But Sen. Bill Galvano, the Bradenton Republican who has been at the core of the Legislature’s gambling negotiations for the past seven years, said Tuesday that when lawmakers adopted the change to the state gaming law in 2010, they did not intend to open the door to the expansion of slot machines as Gretna Racing and five other pari-mutuels around the state are claiming. “It was not the intent of the Legislature to open the door for counties to hold their own referendums to allow the expansion of slots,” he said in an interview with the /Times/Herald/.

He said the Legislature wanted to clarify the terms of the referendum language in the event lawmakers would ever approve of an expansion of gaming in the future. “We didn’t want the Hialeah expansion to muddy the waters,” he said. “Instead, we reiterated that if we approved legislatively expanded slots — or a legislatively constitutional amendment … we didn’t relinquish authority.”

For more information on the dangers of gambling, please visit CASINO WATCH & CASINO WATCH FOUNDATION


Battle Over ‘Flag Drop’ Horse Races Could Affect Florida Slot Expansion

Casino Watch Focus has not only reported on the ongoing Florida Slot expansion case in before their Supreme court, but also on other creative attempts at allowing slots through flag drop racing. The issue at hand is that slot machines in Florida can be allowed at certain horse & dog racing tracks and various pari-mutual facilities, but fairly specific rules exist as to what constitutes proper racing. Four years ago permits were allowed for quarter-barrel racing, but the court ruled it wasn’t proper racing. The State then allowed for “flag drop” races where the two horses effectively race against each other. Its been a fairly contentious issue that has clear gambling expansion implications in Florida. Sunshine State News explains: 

Gambling regulators and a tiny horse track in Hamilton County are at odds over whether a series of “flag drop” races two summers ago, which one former state official described as “a sham,” constituted legitimate horse races.

“Events that were called races at the time were held, however it’s the division’s position that the races were not races of speed, and therefore do not count as races,” Caitlin Mawn, assistant general counsel for the Department of Business and Professional Regulation, argued Monday. The department includes the Division of Pari-Mutuel Wagering.

In about one-third of the races, “the horse didn’t run or just walked or the rider fell off,” Haskel testified. The flag drop “in no way, shape or form resembles a horse race,” Haskel said. “Nothing about Hamilton Downs is real in terms of race track standards,” he said.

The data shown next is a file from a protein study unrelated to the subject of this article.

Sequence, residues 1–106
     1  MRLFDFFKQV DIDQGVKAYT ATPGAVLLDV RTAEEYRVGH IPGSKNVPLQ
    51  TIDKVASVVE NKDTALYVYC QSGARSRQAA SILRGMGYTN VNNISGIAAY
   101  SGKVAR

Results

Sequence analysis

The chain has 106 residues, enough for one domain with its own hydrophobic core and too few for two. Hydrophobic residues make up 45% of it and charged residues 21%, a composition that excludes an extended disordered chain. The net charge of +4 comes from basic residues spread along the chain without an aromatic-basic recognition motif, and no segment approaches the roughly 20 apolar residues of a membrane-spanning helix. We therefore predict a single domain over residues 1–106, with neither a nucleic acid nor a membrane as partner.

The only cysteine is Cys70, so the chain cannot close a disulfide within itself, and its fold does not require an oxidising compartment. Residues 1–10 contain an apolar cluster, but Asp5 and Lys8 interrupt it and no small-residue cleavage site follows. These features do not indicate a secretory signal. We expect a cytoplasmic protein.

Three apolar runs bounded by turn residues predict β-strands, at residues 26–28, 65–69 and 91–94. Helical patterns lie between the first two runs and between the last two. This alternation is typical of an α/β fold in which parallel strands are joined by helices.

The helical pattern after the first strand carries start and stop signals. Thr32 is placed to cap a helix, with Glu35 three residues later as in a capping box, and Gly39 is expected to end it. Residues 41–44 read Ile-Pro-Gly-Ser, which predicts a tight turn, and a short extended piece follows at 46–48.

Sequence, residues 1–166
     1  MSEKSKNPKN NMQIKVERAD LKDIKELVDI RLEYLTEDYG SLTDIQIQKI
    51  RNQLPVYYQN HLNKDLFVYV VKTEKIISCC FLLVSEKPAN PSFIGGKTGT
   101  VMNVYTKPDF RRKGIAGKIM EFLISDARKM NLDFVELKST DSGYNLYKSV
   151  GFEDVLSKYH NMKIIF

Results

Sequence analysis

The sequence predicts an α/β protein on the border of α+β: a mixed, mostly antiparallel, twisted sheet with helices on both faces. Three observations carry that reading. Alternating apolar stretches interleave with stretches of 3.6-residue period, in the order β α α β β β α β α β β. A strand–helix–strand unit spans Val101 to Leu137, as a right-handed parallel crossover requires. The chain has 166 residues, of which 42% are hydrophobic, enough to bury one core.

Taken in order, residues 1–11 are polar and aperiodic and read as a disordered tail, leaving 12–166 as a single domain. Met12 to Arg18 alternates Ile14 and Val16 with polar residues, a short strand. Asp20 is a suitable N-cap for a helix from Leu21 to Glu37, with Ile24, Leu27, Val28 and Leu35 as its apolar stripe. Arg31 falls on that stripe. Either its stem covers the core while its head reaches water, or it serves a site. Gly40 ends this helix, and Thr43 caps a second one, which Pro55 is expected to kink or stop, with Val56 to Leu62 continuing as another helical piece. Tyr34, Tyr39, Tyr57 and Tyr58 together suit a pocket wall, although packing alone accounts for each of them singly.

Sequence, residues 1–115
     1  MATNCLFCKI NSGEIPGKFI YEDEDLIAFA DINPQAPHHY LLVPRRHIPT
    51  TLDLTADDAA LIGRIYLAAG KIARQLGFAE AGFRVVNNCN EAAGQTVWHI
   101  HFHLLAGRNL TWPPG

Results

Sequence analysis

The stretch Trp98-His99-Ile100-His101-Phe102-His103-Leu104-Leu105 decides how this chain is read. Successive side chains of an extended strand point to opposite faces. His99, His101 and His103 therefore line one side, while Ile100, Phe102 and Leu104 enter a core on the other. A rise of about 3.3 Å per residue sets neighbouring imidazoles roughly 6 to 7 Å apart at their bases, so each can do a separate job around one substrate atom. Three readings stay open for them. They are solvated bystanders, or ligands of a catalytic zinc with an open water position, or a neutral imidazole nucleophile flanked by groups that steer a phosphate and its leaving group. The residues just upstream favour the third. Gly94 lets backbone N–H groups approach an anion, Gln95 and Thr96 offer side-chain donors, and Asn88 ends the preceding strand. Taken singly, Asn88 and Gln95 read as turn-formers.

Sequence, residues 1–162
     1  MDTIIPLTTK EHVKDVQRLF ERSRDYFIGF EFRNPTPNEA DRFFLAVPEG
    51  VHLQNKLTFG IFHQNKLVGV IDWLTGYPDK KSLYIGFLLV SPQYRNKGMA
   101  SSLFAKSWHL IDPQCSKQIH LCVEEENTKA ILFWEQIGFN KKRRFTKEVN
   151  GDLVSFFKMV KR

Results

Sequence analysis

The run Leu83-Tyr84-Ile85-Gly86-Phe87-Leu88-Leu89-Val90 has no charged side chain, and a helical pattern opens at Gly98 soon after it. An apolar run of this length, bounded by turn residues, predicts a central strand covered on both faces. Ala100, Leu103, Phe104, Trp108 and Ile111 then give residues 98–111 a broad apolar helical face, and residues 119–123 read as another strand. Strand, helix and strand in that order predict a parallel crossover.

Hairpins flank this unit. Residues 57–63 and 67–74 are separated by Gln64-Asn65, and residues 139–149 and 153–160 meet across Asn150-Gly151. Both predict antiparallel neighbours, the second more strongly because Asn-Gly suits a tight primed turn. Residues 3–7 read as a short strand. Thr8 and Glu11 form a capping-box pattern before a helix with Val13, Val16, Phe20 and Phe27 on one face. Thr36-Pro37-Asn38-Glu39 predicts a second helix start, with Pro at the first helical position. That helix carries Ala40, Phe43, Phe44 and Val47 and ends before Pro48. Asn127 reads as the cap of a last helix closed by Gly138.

The ruling from Administrative Law Judge E. Gary Early, who starting hearing testimony Monday in what is expected to be a two-day hearing, could play a role in whether the track is eligible in the future to add lucrative slot machines.

For more information on the dangers of gambling, please visit CASINO WATCH & CASINO WATCH FOUNDATION


Dangerous Decoupling Efforts fail to Advance as Seminole Gambling Compact Dies during this years Florida Legislative Session

Casino Watch Focus has reported on the ongoing efforts to renew the long standing Seminole Gambling Compact that offers various exclusive rights to the Seminole Indians in exchange for specific payments to the state. That compact expired and a new compact was negotiated between Florida Gov. Scott and the Seminole Tribe. Unfortunately, the compact was not a simple extension of the existing agreement, but instead represented massive gambling expansion. One of the biggest areas of expanded gambling represented in this legislation was a decoupling effort. Many reports have outlined the dangers of decoupling but the Compact and any new gambling expansion efforts added into that compact needs to be ratified by the Florida Legislature. Luckily for those working hard to protect Florida’s families from the dangers of expanded gambling, these expansion efforts will not pass in the current legislative session. An online source explains:

You won’t see craps or roulette in Florida casinos for at least another year after state lawmakers were unable to pass gaming legislation during the 2016 session, which ends on Friday.

[T]he legislature still had to sign off on the agreement, or at least pass alternative legislation for the Seminoles and Scott to consider. Instead, they allowed the deal between Scott and the tribe to die.

The original Seminole Compact represented a balance in allowing some gambling, while still limiting the overall impact to Florida families through exclusivity agreements. Had the compact been a simple extension, the compact might have been passed. However, too many special interests tried to use the compact as a way to expand gambling all over the state. Not only has this approach been showed to go against the will of voters in Florida, but its also the approach that prevented any sensible regulation from passing.   Florida Politics Online explains:

*Barry Richard*, who represents the Seminole Tribe of Florida,**blamed the apparent Tuesday morning collapse of the 2016 gambling bills on lawmakers bending over backward to appease the state’s dog and horse racing concerns [decoupling].

Meantime, legislators added language allowing, among many other things, slot machines in five new counties — Brevard, Gadsden, Lee, Palm Beach and Washington — and permitting a form of poker known as “designated player games” at all pari-mutuels, something state gambling regulators now say is illegal. Provisions like those turned the deal on its head, Richard said.

These gambling expansion issues may not be moving forward in this legislative session, but a special session can still be called and the compact could be debated again. Stay informed on the ongoing dangers of these gambling expansion issues and be vigilant in letting your elected representatives know that you stand with Florida families by limiting gambling expansion in the state.

For more information on the dangers of gambling, please visit CASINO WATCH & CASINO WATCH FOUNDATION